RogerBW's Blog

Back on the Bike 02 August 2014

It's been around four years since I cycled much. About time I took it up again.

I've been doing it much less since I left London in 2008, because when I was living there I had a convenient supermarket two miles away (down low-traffic roads and then the Greenway, the flat pedestrian/cycle route along the top of the Northern Outfall Sewer), and the local tip was about a mile further. That was quite fun. The staff at the tip eventually decided that I was a car, particularly when I had a trailer full of garden rubbish (pedestrians weren't allowed, but cars were, and they'd never had to think about bicycles before). Between grocery shopping and occasional bulky rubbish, I'd do that run two or three times a week.

Here, I'm no longer doing the grocery shopping because my wife's much better at it than I am, so I don't have an ongoing reason to leave the house every few days. If I want to get to London, Oxford or Reading, I have to go much further; if I want to get to a good pub, there's one at the end of the road. Three miles and a slight climb gets me into High Wycombe, but it's either along a fairly busy road (without much room for dodging cars, and local drivers tend to be more cyclist-hostile than the ones in London) or along the cycle route (link is to a PDF) which has a vicious short hill followed by a shared-use path that tends to be full of dog-walkers, so it's very slow and tricky going. And at the end of it, well, I'm in High Wycombe, not the most exciting place, and certainly not somewhere I want to go several times a week. I can go instead round the hill towards Wooburn Green or Bourne End, the only route from here that's more or less on the flat, but I don't have much reason to visit those places either. Three miles including going up White Hill gets me to Beaconsfield, but I've hit 26mph coasting down that hill and I really don't fancy riding or walking all the way up it.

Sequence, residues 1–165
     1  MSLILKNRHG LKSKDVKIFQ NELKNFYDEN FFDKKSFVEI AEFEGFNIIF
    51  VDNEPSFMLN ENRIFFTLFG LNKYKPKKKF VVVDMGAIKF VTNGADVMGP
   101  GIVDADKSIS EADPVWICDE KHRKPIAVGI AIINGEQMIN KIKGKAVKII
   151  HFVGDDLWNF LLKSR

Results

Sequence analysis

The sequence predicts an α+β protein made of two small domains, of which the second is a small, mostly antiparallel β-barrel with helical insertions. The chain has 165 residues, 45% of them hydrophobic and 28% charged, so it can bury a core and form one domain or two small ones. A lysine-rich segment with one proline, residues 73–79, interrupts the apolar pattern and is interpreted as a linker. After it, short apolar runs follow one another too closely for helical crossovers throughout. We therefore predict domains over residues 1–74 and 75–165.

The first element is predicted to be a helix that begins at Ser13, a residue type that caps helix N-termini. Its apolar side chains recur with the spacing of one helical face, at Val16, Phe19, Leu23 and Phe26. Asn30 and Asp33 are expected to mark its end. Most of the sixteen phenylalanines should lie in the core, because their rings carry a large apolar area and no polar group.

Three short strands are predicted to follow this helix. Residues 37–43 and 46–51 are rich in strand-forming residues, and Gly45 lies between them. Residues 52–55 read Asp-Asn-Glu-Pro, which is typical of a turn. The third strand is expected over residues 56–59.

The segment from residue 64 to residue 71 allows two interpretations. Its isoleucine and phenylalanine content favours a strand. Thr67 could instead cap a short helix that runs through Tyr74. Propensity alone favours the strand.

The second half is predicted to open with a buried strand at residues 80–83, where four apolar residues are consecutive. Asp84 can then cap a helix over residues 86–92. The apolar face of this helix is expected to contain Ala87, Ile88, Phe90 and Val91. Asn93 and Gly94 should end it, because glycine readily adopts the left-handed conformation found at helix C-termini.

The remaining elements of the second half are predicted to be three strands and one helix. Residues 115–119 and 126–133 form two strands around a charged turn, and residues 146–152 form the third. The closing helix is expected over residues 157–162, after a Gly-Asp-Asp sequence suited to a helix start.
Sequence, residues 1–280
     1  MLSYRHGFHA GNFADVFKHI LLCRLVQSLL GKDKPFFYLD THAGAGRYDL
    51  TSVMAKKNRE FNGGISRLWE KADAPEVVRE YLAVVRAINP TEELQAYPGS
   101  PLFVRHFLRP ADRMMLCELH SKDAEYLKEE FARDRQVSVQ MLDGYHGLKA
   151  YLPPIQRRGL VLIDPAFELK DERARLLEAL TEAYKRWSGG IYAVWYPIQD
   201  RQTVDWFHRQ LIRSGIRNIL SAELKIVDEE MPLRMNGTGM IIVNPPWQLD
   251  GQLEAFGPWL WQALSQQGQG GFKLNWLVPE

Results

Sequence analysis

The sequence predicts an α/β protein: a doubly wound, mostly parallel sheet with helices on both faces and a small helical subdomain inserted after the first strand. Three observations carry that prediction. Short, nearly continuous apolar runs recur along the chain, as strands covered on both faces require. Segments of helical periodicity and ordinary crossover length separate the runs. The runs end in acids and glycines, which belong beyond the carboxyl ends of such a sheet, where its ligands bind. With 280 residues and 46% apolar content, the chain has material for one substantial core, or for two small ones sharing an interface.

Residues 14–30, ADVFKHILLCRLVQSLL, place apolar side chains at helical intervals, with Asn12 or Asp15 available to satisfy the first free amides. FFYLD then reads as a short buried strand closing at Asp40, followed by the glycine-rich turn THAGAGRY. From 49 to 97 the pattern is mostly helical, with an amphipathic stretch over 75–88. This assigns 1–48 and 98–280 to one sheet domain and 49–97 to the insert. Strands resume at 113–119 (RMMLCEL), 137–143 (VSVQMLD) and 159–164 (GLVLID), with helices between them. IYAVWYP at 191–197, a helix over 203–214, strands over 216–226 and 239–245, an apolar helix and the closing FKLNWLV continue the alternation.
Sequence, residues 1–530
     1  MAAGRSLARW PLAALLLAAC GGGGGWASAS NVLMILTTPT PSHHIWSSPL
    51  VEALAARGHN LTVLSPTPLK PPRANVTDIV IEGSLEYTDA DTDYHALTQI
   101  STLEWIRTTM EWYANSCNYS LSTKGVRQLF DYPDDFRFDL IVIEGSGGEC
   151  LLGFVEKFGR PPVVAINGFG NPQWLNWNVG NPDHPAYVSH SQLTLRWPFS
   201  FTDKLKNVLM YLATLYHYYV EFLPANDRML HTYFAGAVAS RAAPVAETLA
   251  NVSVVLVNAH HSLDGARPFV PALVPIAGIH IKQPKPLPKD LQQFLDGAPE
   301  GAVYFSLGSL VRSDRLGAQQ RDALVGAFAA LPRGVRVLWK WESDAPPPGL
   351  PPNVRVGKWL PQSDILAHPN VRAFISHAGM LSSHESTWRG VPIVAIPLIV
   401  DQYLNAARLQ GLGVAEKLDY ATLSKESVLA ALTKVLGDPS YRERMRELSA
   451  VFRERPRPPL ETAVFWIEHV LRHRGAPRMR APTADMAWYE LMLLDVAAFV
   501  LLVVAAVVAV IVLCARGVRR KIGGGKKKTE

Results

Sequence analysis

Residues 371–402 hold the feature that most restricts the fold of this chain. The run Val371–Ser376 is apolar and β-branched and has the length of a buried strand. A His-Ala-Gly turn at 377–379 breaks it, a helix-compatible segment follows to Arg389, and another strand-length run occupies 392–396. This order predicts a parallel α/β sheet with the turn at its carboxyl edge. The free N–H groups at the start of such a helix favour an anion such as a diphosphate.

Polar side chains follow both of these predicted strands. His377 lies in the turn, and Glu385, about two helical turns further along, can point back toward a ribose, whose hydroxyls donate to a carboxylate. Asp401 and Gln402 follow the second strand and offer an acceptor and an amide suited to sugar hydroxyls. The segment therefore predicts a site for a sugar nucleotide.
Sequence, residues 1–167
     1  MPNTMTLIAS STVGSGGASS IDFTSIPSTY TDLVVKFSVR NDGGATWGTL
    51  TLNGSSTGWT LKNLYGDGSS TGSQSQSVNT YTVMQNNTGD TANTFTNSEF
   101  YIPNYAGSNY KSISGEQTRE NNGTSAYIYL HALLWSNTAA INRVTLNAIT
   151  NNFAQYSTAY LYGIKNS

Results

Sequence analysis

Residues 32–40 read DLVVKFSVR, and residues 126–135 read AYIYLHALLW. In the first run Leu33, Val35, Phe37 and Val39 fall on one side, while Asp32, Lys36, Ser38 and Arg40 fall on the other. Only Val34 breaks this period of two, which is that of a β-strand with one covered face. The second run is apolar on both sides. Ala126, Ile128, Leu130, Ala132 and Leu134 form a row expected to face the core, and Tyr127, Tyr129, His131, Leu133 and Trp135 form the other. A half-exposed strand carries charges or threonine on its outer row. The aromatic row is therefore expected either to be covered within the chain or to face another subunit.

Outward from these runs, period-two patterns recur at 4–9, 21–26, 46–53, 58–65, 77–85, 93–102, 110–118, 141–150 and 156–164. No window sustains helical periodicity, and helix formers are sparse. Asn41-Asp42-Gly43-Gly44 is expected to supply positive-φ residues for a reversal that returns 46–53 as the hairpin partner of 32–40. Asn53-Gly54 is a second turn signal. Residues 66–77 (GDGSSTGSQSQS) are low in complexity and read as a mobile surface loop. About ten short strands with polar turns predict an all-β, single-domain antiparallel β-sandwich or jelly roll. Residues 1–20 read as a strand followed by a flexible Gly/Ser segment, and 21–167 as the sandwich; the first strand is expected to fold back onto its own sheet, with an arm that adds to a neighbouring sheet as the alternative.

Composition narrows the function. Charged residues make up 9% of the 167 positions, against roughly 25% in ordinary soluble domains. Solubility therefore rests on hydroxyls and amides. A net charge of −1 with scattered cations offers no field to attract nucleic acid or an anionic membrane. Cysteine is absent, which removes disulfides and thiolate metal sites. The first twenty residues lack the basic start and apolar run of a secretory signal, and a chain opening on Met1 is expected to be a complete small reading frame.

The other downside is the steep hill that's an inevitable part of any ride from here, because it's the only way to get home again afterwards. There's not very much of it, but when I'm tired from having been out it's very much not my favourite thing. Yeah, I can dismount and wheel the bike, but I don't like doing that.

All of which sounds like making excuses, and to some extent it is. I've considered myself a utility cyclist first, rather than doing it for the sake of the cycling, but even so I've got lazy. So yesterday evening I hopped on the Marin Sausalito (which I got off Freecycle back in 2007) for the first time in several years, and went for a quick ride, just down to the local DIY shop and back — about a mile each way. Bloody hell I'm out of shape. But I made it, even up the horribly steep hill. So that's a start. Now I need to do more.

I'm posting this in the hope that my Faithful Readers will notice if I suddenly stop talking about cycling, and embarrass me into getting started again.

Tags: cycling

  1. Posted by Chris at 11:56am on 02 August 2014